By John Antunes, Director of SME & Channels at SAP UKI

A couple of months ago the BDRC Continental Finance Monitor, which details the borrowing process for small and medium-sized enterprise (SMEs), revealed that 33% of loan applicants ended up with no loan at all for their business. With the UK’s economic recovery depending heavily on growth within the SME space, I found these statistics particularly worrying.

I had hoped that the situation may have improved a couple of months on; and there are certainly some positives to be drawn from the most recent report. 90% of SMEs who applied for a renewal of their loan were successful, and although some companies did invest their own personal funds in their business, 16% said this was something they had chosen to do to grow the business rather than something they were forced to do out of necessity. Clearly, there are SMEs out there flourishing regardless of the economic climate, growing their businesses and adapting to what we now call the ‘new norm’.

However, for the younger and less established start-ups there does still seem to be some difficulty in securing loans. In fact, 25% of the SMEs surveyed felt they were forced to inject personal funds into the business as they had no other choice. This problem was particularly apparent in smaller start-ups, specifically those with less than 10 employees.

Clearly this lack of bank lending needs to be addressed, but I also believe awareness needs to be raised around of the other financial options out there. Just because the bank turns downs your loan application, this does not mean that personal funds are your only alternative. Fortunately, there are a number of government schemes which aim to help start-ups and SMEs grow, such as the Start up Loans initiative, whilst George Osborne has committed to making lending to SMEs a key treasury objective.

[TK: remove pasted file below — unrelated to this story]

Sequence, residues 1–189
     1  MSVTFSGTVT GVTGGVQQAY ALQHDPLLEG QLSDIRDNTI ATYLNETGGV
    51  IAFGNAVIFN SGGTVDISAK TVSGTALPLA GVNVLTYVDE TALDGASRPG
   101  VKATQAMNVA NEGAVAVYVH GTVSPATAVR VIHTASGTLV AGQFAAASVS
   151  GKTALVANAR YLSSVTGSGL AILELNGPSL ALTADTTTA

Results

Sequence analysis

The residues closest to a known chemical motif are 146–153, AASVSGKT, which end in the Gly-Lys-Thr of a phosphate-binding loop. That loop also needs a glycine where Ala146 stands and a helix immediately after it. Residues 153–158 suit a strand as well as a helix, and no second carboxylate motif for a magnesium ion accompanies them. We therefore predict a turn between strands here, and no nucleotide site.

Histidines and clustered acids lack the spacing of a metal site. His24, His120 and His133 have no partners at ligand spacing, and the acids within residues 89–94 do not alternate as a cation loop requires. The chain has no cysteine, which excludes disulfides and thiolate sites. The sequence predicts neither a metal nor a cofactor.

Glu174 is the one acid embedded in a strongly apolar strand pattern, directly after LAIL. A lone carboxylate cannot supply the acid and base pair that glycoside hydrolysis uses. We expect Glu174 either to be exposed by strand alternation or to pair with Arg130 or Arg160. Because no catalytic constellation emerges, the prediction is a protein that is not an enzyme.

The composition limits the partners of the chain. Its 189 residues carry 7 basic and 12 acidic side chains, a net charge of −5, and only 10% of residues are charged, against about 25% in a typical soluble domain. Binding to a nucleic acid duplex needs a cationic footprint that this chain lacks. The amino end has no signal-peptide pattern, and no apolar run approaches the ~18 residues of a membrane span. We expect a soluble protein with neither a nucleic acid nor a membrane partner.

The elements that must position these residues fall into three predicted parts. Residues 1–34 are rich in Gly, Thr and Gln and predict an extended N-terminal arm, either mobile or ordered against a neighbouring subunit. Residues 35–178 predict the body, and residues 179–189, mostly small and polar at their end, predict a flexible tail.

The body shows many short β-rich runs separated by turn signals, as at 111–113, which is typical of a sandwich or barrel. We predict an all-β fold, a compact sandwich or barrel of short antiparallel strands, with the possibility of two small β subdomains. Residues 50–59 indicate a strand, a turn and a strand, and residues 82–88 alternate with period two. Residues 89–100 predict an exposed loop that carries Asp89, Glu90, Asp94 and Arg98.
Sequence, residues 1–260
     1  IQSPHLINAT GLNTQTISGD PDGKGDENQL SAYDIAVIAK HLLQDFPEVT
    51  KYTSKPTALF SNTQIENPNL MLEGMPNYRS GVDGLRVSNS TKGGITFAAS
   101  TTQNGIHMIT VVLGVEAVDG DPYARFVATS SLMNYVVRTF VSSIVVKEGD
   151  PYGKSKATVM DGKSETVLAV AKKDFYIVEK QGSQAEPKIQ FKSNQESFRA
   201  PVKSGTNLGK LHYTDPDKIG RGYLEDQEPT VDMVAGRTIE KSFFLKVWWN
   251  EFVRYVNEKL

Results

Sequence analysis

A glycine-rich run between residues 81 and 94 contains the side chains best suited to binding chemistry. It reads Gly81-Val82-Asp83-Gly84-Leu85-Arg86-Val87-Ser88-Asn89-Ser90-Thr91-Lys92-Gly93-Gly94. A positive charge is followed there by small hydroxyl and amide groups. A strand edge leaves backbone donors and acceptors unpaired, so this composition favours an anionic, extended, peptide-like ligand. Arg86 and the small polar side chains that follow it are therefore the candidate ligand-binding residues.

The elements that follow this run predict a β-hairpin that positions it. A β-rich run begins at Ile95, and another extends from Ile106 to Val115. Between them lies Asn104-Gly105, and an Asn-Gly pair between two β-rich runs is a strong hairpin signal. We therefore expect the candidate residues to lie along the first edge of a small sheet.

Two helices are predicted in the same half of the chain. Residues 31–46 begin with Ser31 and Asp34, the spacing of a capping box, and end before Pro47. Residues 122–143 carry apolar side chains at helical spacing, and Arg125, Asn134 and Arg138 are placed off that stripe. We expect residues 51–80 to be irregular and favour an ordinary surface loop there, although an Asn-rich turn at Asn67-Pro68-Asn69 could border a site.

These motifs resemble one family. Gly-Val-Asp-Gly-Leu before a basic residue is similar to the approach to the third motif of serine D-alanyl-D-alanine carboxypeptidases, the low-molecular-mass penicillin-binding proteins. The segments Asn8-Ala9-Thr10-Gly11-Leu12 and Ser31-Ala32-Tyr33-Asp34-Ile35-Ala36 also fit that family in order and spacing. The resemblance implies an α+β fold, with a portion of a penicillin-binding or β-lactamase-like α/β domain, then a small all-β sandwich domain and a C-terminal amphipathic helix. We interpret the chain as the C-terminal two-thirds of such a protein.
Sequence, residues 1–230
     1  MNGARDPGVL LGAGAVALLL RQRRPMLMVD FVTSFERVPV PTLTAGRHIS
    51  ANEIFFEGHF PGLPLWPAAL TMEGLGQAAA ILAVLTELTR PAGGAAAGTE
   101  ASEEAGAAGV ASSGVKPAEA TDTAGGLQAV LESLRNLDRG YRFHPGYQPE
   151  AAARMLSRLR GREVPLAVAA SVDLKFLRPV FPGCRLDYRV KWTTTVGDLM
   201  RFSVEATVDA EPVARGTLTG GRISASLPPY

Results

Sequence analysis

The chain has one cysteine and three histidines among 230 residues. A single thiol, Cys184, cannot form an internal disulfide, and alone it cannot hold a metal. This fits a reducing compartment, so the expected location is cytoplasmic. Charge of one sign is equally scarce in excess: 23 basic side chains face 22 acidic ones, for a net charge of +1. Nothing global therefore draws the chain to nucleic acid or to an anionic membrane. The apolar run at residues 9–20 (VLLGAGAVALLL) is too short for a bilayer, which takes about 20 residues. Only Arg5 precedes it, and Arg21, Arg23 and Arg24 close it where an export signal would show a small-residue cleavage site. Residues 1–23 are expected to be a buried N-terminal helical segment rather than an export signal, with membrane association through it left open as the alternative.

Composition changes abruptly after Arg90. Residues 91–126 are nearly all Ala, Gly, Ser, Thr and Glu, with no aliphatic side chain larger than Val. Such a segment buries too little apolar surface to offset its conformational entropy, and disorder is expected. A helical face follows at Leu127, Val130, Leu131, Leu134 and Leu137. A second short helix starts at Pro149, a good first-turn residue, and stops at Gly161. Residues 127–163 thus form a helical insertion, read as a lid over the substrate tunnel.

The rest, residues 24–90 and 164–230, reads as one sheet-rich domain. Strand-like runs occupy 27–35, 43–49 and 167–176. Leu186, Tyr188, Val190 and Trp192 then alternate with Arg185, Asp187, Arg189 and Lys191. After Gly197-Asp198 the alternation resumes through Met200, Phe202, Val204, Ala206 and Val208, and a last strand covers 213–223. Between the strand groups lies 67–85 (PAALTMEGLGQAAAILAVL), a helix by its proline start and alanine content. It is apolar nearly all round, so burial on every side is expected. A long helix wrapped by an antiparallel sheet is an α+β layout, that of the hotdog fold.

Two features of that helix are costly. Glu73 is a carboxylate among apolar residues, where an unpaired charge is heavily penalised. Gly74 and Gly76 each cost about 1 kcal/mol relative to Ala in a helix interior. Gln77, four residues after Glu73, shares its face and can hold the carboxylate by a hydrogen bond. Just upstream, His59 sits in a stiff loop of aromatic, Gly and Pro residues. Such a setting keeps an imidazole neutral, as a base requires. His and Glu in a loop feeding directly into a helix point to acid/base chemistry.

But it’s not just the Government-led schemes that are providing financial support for SMEs. Over the past six months we have seen the introduction of short-term loan services, such as Wonga, and the launch of specialist banking service, Silicon Valley Bank; designed to provide financial support specifically to technology start-ups.

So although this report is testament to the fact that many SMEs and start-ups struggling to secure bank loans (instead, delving into their own pockets) there are other alternatives out there which offer great resources to propel our SME community forward.

The chief economist at the EEF, Lee Hopley, was recently quoted in a Guardian article stating that “UK banks need to be doing all they can to encourage creditworthy firms back through their doors” – and I totally agree. However, alongside bank lending there needs to be a raised awareness of the great schemes out there which can prevent businesses from draining their personal finances and really make the difference between whether a business sinks or swims. There needs to be a concerted effort on the side of the banks, the government and other lending communities to get behind our SMEs and make them aware of the options which could transform the future of their businesses – and with it, the future of the British economy.